In its familiar powder form (elemental) sulfur is virtually impossible to use in the chemical reactions required in petroleum refining. When sulfur is contained in a liquid state, like DMS and DMSO, it can be easily manipulated. Presulfiding catalysts with a sulfur-bearing agent is how sulfur becomes chemically involved in various refinery processes. DMS Exact-S™ can be fed to the catalyst bed by either vaporizing it with hot hydrogen of by pre-blending it with a light naptha stream. In both instances, sulfiding is carried out at high hydrogen partial pressure.
What does presulfiding do to catalysts?
In some systems, presulfiding passivates the catalyst and “calms down” the exothermic reaction (generation of heat). In others, the metallic oxides in the catalyst are changed to metallic sulfides, thus activating the catalyst before going into production.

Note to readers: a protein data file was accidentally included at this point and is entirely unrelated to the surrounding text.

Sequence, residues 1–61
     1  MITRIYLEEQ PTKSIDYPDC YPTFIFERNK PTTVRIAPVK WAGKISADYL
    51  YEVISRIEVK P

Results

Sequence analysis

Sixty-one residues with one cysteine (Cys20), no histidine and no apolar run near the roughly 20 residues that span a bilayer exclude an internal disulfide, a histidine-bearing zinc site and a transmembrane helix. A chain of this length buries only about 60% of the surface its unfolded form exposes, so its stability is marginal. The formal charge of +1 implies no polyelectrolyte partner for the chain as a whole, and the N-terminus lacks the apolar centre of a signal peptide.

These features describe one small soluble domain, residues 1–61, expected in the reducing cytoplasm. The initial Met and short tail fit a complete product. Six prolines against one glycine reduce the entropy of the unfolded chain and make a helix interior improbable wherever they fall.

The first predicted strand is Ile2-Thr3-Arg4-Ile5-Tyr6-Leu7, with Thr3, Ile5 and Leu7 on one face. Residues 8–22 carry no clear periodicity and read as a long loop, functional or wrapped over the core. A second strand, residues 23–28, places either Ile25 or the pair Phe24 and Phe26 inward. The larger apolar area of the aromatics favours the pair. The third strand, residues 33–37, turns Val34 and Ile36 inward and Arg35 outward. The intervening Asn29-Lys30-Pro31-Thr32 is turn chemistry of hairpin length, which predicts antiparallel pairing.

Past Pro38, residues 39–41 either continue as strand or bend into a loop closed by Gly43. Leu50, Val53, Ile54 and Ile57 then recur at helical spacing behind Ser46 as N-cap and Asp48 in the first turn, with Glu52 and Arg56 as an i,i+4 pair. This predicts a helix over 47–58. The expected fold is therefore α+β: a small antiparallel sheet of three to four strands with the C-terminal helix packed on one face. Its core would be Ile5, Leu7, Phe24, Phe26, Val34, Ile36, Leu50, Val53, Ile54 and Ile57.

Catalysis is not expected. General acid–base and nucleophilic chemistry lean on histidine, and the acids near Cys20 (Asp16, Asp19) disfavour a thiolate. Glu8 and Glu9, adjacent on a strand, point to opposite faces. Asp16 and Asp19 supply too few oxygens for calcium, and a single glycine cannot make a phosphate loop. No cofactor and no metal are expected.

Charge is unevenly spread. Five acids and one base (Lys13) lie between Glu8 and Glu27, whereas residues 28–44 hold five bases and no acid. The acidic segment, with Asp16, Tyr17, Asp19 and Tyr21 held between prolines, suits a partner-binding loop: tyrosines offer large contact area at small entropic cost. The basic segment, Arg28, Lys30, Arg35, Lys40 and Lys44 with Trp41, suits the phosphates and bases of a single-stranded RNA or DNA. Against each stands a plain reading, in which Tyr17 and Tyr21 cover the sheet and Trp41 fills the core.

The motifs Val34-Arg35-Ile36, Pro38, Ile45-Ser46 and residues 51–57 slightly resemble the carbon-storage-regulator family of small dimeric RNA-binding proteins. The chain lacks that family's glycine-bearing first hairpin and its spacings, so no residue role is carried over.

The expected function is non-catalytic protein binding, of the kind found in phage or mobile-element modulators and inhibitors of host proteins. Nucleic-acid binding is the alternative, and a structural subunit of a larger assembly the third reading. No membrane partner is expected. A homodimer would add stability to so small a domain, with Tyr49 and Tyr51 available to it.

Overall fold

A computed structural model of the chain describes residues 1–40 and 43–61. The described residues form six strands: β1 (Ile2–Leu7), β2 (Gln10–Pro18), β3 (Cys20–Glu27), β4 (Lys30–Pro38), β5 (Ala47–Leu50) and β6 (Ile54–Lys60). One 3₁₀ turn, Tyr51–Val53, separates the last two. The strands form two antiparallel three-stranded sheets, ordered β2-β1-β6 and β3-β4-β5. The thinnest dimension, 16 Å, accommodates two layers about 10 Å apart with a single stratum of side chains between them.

How can one determine if a presulfiding process is costing too much?
Cost per pound of sulfur is one factor to consider when selecting your presulfiding agent. Important physical properties of agents to consider include: odor, toxicity, boiling point, flash point, and autoignition temperature for each option Another consideration is that DMDS breaks down in the reactor to form DMS and methyl mercaptan. Why not start with DMS? These various physical properties should be compared to determine which presulfiding agent best satisfies your operational requirements to achieve maximum sulfiding results at the lowest cost.